Thanks for visiting us!
We are so excited to push our SocialFolders beta out of the nest. Here are a few words to share with you regarding how we’ve started this project and why we hope it may be useful.
My name is Philippe Honigman. I’ve been designing products and launching startup companies for quite a while. I love elegant technology. While many engineers have no problem with this concept, it might not be obvious to some people, so let’s put it this way: elegance arises when the inherent complexity of engineering work is leveraged to deliver simpler and faster interactions between systems and/or human beings.
The Web itself is an obvious example of that. Based on a simple and robust protocol and a standardized user interface, it enables billions of people to access information on an unprecedented scale. An incredibly complex technology is required to achieve that, but it’s hidden, and nobody has to worry about it.
Adding social applications and cloud infrastructure to the lot, people have started not only consuming content from the Web, but also contributing, managing, and sharing content there. More and more tasks that were being done mostly on the desktop are migrating to the Web: sending and receiving emails, writing documents, sharing and printing photos, etc.
However, this doesn’t mean that the role of local storage and processing power is decreasing. Personal computers have never been so powerful, hard drive capacities are still increasing, and even smartphoness now have compute power greater than the supercomputer that controlled the Apollo 11 mission.
iPhone 4 teardown – Elegant technology “unveiled” – Source: iFixit
There are many reasons for this. Exploring them would exceed the scope of this post. Suffice it to say, whatever time people spend on the Web now, they still value “local” things, even immaterial ones such as software and files. People download stuff! They sync their digital property across their devices. They change and enhance them locally, using client applications such as photo editing apps, sound editing software, office productivity suites, and thousands of other applications.
The frontier between Internet browsing and local computing that was once very obviousis blurring very quickly. Local applications rely on the Internet to access remote resources and social channels. Online websites leverage new programming languages and sophisticated browsers to deliver rich user experiences.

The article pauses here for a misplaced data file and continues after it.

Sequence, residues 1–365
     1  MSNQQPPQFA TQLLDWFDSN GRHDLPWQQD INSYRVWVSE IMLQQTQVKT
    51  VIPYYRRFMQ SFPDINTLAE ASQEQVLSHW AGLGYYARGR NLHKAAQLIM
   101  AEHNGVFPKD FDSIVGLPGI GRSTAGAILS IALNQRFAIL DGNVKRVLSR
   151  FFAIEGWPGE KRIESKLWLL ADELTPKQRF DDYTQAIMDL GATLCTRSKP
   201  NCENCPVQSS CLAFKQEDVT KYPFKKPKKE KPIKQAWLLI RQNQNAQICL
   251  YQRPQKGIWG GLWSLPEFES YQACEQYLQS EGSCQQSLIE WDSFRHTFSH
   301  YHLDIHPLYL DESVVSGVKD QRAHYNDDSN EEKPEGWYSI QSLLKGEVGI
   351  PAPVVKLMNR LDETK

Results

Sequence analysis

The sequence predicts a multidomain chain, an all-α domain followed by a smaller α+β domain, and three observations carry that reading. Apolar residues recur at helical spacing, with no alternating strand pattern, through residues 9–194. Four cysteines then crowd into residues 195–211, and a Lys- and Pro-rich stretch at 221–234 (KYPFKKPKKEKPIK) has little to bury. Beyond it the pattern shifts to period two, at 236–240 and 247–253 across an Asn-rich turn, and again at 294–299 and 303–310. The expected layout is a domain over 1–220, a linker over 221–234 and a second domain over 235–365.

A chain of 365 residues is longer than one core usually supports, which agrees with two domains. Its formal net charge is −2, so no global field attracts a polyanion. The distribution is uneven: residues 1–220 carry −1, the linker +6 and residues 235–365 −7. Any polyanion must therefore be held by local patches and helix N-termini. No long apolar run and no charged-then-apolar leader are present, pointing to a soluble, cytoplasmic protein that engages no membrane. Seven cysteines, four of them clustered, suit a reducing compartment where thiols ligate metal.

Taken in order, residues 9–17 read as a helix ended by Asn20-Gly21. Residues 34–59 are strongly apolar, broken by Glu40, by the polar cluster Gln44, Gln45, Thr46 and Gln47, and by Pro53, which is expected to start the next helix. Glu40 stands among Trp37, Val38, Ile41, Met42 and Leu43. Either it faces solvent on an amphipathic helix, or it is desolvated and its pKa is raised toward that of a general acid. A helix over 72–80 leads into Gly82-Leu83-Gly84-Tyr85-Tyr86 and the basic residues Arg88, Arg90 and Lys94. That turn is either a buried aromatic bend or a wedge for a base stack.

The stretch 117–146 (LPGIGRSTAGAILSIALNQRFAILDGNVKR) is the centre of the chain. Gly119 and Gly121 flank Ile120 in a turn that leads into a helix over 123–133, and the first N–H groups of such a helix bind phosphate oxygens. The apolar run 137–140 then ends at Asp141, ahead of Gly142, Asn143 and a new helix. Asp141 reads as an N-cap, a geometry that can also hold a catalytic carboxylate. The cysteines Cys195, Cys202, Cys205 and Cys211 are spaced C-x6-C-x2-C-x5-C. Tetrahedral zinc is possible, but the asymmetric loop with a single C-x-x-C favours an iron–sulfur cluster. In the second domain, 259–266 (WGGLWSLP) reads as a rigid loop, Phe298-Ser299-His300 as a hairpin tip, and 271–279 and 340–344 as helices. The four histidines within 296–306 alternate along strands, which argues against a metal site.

But when it comes to accessing local information, there is an obvious way that has been around since the inception of personal computing and graphic user interfaces. Thevisual representation of a file system with its hierarchy of folders and its drag and drop operations is familiar to everyone. Files and folders as a metaphor for managing information have survived a 30-year evolution and has expanded to every new OS version since then. That’s a solid testimony to its relevance and usefulness!
1981 – Xerox 8010 Star – Source: psd.tutsplus.com/
Now let’s put everything together. We spend a big part of our digital lives online, accessing cloud-based services and communicating with other people. Our social lives are increasingly online now. But we are still valuing and managing the local information that sits on our physical devices. We use familiar interfaces to do so, like Windows File Explorer and Mac Finder.
What if we could extend the reach of these tools to access our cloud-based, social-enabled content? What if I could ensure that whatever document, photo, or video stored on my favorite social network or photo sharing site is also present on my local drive, available at any time in its original format? What if I could copy files from one website to another – without having to upload them again – just by dropping them in the appropriate folder? Wouldn’t that be cool? Or, maybe, elegant?
That’s our goal at SocialFolders. Think of it as the glue between your local data and your online and favorites social locations online. Be social. Stay local.
To be honest, as excited as we are with this project, we can’t wait now to see to how people will respond to it… how you will respond to it.
So tell us. Register for the private beta, and please provide feedback. Comment on our blog here, or on our Facebook page. Tweet @socialfolders. We’d love to hear from you.